Millard sub-shortage

District struggling to fill in substitute positions


Photo by Tenley Wright

Pictured above are Millard West teachers Tim Royers and Brooke Phillips.

Natalie Eljamal, Online Editor

The Millard Public School District has faced many problems, but this one may be a little ironic: a shortage of substitute teachers. The district is in need for subs and are posing incentives to gain more attention to those who can fill these spots. From handing out T-shirts to gifting Apple Airpods, all efforts are being made to staff individuals in place of the teacher. The source of the problem is considered a teacher shortage along with not enough individuals are Millard certified or they already sub in the metro district making them too busy to teach for Millard. 

“We have increased guest teacher teacher pay,” Millard Human Resource Recruiter Jeanine Beaudin said. “We have offered incentives for a higher daily rate of pay for guest teachers who work 50 days or more during the school year, we’ve offered staff development opportunities to our guest teachers, we’ve hired many of our student teachers as local substitutes which means they can teach in their classroom when their cooperating teacher is absent or if their cooperating teacher covers another class for a teacher who is absent. We’ve held guest teacher appreciation events and we do monthly giveaways for guest teachers who work on Mondays and Fridays, the two days with the highest need for guest teachers.”

Student teachers have been able to take advantage of this issue since they can sub in for the teacher when they are absent, allowing them more teaching opportunities. However, the student teachers can only sub in for their particular teacher.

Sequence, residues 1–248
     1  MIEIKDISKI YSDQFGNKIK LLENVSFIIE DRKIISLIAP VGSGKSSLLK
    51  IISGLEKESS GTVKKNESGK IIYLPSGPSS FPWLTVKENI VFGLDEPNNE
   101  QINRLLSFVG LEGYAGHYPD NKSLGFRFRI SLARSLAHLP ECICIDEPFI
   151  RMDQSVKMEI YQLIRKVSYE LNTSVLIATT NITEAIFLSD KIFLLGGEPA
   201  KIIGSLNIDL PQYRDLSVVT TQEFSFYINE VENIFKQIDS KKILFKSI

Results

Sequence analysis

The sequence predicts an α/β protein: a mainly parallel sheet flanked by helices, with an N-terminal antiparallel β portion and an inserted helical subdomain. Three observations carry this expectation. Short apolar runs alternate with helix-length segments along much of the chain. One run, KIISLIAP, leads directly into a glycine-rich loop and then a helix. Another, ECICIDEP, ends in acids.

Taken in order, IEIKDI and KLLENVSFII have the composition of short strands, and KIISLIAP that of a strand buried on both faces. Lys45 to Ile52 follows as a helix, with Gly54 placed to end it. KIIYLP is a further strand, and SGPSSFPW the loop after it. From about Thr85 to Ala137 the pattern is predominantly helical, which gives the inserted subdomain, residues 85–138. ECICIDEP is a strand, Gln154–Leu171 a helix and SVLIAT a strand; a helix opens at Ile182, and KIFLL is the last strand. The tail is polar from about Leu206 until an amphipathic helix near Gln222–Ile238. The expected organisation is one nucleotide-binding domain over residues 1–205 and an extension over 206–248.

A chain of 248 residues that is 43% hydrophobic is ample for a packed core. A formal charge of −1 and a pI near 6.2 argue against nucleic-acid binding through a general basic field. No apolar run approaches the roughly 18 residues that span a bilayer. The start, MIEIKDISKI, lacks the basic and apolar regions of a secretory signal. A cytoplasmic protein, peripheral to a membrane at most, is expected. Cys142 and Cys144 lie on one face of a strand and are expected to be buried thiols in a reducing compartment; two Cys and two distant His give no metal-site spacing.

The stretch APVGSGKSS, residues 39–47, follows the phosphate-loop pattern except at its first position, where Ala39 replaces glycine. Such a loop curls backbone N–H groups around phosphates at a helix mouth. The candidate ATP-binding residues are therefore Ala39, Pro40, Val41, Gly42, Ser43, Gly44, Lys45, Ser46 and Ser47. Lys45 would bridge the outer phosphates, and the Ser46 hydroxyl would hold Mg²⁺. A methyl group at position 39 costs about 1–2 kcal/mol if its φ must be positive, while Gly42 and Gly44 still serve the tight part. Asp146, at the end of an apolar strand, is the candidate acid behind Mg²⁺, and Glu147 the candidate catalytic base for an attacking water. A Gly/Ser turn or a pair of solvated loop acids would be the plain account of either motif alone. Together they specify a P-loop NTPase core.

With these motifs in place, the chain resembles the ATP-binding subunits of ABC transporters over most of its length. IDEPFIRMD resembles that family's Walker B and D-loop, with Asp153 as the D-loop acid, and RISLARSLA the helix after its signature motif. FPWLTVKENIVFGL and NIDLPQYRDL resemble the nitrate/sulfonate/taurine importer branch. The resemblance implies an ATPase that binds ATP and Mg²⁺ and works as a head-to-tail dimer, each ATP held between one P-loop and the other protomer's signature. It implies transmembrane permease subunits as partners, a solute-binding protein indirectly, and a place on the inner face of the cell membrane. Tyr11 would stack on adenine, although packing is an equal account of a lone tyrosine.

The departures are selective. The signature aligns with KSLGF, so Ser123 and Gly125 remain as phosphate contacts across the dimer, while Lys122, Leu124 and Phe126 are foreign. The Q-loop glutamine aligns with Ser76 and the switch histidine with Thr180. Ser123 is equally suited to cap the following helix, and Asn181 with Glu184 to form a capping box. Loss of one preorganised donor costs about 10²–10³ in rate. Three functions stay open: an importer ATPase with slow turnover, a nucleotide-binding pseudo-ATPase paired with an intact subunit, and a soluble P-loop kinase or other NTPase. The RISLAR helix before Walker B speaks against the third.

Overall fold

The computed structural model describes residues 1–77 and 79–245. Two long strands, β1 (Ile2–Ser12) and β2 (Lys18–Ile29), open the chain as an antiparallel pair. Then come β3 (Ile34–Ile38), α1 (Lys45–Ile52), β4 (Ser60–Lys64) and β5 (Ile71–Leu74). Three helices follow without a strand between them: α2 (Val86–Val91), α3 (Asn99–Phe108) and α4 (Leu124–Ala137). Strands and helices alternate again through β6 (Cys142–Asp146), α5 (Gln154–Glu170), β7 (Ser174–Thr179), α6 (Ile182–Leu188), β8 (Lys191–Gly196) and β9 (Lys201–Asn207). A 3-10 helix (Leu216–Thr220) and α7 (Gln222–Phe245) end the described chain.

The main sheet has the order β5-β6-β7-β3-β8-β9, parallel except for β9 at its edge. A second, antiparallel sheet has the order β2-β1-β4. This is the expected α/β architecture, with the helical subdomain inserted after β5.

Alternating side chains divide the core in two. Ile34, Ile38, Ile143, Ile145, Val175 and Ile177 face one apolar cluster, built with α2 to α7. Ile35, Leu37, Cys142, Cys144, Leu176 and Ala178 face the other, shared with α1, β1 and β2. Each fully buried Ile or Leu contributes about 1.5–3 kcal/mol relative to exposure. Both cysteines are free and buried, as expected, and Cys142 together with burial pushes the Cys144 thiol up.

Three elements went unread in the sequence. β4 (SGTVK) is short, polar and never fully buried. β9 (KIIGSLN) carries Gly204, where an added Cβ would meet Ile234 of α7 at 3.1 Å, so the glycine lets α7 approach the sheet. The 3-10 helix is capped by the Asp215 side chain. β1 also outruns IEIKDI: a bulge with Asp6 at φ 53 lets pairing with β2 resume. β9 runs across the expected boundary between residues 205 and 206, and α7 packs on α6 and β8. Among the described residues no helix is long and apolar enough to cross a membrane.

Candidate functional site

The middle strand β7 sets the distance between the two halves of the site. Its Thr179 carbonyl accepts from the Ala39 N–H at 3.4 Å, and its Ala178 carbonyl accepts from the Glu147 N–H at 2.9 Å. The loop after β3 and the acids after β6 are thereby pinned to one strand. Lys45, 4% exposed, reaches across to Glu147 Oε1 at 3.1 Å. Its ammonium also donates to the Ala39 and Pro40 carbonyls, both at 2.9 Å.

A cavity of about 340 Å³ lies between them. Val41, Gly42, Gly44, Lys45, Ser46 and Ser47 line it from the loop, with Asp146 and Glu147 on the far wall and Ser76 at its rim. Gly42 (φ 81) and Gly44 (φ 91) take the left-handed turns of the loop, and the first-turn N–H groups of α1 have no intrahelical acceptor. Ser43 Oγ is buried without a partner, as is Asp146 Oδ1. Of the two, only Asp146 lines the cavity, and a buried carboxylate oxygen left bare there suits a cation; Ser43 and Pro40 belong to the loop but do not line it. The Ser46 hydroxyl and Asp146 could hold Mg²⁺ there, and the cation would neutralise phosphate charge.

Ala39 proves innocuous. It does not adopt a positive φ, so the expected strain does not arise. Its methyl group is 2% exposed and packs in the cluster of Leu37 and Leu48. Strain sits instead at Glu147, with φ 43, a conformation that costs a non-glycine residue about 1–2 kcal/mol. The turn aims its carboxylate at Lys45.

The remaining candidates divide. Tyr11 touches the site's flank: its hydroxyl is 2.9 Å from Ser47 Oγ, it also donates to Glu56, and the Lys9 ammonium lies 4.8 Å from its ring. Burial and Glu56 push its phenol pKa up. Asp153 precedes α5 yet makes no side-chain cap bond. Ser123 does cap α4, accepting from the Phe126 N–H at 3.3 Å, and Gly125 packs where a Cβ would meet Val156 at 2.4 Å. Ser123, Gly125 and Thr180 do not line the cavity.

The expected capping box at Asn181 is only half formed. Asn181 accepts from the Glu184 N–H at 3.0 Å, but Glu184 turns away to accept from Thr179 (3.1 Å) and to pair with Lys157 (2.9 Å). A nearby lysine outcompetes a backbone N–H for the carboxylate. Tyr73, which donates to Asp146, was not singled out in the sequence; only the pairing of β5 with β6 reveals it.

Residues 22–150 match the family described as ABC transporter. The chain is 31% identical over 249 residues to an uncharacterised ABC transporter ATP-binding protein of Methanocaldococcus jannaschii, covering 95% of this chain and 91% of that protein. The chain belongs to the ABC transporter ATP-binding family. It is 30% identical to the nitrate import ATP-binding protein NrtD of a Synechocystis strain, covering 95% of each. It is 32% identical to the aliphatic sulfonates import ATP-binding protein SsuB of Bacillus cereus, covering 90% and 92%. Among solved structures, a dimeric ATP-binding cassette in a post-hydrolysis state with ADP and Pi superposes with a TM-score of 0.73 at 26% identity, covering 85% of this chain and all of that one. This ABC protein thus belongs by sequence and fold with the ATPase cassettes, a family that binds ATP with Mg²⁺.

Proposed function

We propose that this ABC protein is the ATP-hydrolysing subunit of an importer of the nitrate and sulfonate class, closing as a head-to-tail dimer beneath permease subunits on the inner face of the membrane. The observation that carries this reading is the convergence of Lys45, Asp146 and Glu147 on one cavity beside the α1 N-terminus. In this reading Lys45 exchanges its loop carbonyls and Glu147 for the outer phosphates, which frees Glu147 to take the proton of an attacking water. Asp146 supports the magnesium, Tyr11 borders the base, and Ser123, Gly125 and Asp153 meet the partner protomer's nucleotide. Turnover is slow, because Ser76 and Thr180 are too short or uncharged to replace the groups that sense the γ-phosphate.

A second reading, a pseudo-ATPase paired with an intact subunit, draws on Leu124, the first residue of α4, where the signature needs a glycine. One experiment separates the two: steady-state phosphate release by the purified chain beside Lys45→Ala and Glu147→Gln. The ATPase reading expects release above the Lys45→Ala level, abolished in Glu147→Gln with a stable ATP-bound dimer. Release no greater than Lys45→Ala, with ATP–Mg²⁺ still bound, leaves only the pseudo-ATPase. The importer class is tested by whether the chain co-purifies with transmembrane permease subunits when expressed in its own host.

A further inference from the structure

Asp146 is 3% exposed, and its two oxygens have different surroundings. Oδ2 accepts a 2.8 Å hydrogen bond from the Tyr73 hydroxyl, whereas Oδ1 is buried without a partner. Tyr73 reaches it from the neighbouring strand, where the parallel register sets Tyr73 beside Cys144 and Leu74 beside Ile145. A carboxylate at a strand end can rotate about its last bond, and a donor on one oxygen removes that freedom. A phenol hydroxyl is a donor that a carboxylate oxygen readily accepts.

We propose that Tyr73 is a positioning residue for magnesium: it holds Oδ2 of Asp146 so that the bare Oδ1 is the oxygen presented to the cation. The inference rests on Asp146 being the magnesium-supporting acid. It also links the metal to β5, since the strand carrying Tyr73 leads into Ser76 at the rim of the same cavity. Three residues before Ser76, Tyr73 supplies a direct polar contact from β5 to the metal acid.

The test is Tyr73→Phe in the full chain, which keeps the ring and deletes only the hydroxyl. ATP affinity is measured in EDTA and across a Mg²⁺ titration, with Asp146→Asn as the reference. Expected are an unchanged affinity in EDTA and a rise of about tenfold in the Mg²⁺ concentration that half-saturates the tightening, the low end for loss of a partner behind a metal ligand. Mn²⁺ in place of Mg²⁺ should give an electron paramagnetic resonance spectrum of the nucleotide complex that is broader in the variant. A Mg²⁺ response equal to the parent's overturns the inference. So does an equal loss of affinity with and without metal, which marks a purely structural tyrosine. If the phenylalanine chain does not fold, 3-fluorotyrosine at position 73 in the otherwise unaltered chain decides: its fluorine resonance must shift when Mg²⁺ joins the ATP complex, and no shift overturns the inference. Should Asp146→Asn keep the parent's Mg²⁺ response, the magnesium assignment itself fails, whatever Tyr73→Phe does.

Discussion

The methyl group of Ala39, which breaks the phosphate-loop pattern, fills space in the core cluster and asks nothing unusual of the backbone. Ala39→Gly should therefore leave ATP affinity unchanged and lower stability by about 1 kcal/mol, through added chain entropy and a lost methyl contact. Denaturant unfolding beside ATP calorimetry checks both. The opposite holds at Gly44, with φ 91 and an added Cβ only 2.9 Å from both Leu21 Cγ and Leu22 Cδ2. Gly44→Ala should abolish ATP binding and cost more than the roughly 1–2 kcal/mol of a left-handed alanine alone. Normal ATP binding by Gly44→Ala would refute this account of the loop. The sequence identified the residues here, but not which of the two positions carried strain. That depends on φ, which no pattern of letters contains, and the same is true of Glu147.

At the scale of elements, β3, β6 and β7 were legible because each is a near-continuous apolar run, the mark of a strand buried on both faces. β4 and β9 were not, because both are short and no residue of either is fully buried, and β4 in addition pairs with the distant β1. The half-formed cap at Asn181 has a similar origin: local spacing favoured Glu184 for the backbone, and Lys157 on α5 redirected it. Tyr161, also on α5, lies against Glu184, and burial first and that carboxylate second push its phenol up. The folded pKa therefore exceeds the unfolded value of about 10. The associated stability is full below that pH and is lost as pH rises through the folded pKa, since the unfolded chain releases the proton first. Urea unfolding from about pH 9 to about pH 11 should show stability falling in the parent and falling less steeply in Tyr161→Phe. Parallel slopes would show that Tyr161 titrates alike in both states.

“I am able to sub for my two cooperating teachers, because I applied for my local substitute certificate through Millard and they granted me that,” student teacher Chris Hudek said. “Applying for the certificate, I had to get a letter of approval from the superintendent office but the HR at Millard covered all of that for me. However, I can only sub a total of 10 days.” 

When there are no subs to cover for a teacher, they need to be covered internally by teachers who work at the school, in some cases even administrators. Many of the Millard subs are retired teachers who create their own schedule so they can spend their time traveling and obtaining new knowledge. 

“Because I am retired, I am choosing to use my time to travel and do other things I want to do,” substitute Rhonda Chomos said. “However it is nice to know that I have a job basically available when I want to.”

Along with other retired teachers, Chomos teaches whenever her schedule allows, while still being able to do other things she love that she didn’t have time to do as a full time teacher. This could be another reason for a shortage. Given the fact that a large portion of substitutes are retired teachers, many spend their time relaxing and traveling, which cuts down on the amount of eligible candidates. 

“The shortage of subs is a nationwide problem,” Millard West Principal Greg Tiemann said. “My take is a better economy and low unemployment rate. Every business and organization is short on labor to fill all the open positions.” 

While displaying “Millard is hiring” signs and offering motives, there are still a lack of subs on certain days of the week and times of the year. Schools are ensuring that all  are given everything they need to have a smooth day and make them feel welcomed in every Millard school. They will continue their social media presence and update openings on their Twitter, Instagram and Facebook and hosting local job fairs.